Sadly we had invested a bunch of money on this, and buying a whole new set of motors and controllers would have been too expensive (at least we thought so, once again, we did not really know about HobbyKing at the time), so we bought replacements. We bought the last two controllers Euromodel had, and bought replacement brushless motors from the US, and after a few more adjustments, discoveries, and fiddling with the electronics (such as painfully figuring out our ESC were only accepting 50Hz PWM input), we got it to leave the ground !
As you can see on the video, we had mounted a GoPro on the copter, which made really nice looking videos of the Cour Pasteur at ENS
Sadly, after just a few days, we broke it again, breaking two of the twelve arms that form the hexagon shape (damn, we knew the outer shells would have been useful, and we knew I’m a very, very unskilled RC flyer). We now need to either reprint new parts or modify the design to make it even sturdier.
Anyway, we also learnt that building such a machine is not all about designing the copter, printing the parts and assembling them. Flying a drone requires a very, very good flight control unit and sensors (and RC skills, but well, you can’t buy that). We initially planned to go super light and use an Arduino Nano plus a Wiimote-based sensor array, namely using the accelerometers from a Nunchuk and the gyroscopes from a Wii Motion Plus extension following the MultiWii models. As the Nano board was really too Nano, providing too few pins to be convenient enough, we ended up flying the MultiWii control software on a Flyduino Mega (an Arduino Mega fitted in a MikroKopter-compliant 5cm*5cm board (with 4.5cm spaced mounting holes)) and these sensors. The MultiWii software is an open source flight control system originally designed for AVR platforms such as Arduino. It’s a really cool piece of software, with an awesome community and a lot of good momentum, a bunch of tutorials and nice graphical tools.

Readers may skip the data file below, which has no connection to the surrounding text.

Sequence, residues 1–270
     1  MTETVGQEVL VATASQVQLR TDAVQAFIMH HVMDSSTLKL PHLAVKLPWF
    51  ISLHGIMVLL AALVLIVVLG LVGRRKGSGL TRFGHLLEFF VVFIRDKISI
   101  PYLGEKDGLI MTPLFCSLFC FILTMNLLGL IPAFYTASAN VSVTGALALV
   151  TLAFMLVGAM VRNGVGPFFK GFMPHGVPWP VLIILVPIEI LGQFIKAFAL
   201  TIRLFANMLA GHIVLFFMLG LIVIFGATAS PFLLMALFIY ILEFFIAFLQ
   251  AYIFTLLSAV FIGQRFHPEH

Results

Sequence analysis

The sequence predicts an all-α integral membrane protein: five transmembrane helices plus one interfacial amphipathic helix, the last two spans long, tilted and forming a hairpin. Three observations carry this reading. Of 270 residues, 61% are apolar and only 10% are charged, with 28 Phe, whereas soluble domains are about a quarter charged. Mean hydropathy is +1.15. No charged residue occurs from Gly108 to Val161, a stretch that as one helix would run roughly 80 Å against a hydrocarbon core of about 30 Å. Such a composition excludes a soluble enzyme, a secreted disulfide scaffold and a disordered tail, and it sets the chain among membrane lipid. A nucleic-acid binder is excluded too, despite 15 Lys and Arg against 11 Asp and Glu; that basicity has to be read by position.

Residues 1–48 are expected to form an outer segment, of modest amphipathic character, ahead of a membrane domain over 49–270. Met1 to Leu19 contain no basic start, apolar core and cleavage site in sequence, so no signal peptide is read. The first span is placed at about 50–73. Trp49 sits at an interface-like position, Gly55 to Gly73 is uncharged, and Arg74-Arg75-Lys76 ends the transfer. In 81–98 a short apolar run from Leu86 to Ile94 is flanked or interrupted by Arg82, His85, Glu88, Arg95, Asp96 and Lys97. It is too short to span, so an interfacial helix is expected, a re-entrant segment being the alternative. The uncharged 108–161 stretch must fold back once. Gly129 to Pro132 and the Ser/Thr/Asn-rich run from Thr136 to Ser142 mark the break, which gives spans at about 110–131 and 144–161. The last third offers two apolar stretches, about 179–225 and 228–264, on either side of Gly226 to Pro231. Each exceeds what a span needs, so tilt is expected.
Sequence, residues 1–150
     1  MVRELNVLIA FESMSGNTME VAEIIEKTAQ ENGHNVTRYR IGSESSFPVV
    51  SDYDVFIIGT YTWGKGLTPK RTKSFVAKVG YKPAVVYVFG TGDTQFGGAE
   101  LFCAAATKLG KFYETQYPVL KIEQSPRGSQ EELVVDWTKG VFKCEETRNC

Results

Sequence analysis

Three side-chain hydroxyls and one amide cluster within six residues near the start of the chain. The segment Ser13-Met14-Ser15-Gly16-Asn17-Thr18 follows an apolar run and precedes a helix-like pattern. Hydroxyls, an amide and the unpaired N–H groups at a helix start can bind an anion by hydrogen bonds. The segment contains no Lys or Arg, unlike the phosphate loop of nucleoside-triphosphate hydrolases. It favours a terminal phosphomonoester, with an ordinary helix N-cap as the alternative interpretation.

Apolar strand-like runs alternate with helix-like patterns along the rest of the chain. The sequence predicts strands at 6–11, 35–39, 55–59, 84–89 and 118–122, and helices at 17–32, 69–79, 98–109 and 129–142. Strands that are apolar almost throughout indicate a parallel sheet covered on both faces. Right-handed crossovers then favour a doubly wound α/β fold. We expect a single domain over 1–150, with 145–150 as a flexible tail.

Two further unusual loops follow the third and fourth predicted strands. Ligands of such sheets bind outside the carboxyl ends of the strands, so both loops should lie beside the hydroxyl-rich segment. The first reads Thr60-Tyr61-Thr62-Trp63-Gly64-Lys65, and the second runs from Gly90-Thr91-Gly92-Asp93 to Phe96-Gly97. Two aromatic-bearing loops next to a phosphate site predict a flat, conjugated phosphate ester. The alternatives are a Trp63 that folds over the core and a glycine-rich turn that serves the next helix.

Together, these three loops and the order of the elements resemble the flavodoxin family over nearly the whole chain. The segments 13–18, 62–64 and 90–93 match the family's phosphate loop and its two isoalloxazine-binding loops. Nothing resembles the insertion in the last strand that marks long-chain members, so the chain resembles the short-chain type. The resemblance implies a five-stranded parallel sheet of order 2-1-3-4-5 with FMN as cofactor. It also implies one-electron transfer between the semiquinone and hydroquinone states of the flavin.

We initially had a lot of stability issues, which were partially fixed by tuning the PID parameters. We could never completely get rid of all the issues, and eventually found out that our they were most likely due to the sensor boards not being properly lined up and stable in their mountings (i.e. the gyroscope board was not perfectly flat and parallel to the accelerometer board). We ended up ordering a FreeIMU board (which combines a 3-axis accelerometer, a 3 axis gyroscope, a barometer and a magnetometer, plus a sensor fusion device which processes all the readings), which seems to provide a much, much better signal than our original assembly according to the tests we made, though we could not field-test it as it arrived after the “final” crash. But we’ll fly it FreeIMU as soon as we repair the mechanical breakages, hopefully for the best
To conclude, if I were to conduct another such project, I’d probably directly jump onto using a proper IMU such as FreeIMU (or at least something well integrated on a single board), buy stuff from HobbyKing (they now have two warehouses directly in Europe, and shipping from Hong Kong is just a matter of patience) instead of spending hundreds of euros on crappy hardware (our crappy 15amps ESCs were 40€, HobbyKing has nice 30amps ones for less than 15€ in the German warehouse…) and would definitely reuse a MultiWii-based control platform (open source rocks, and the community is *great*).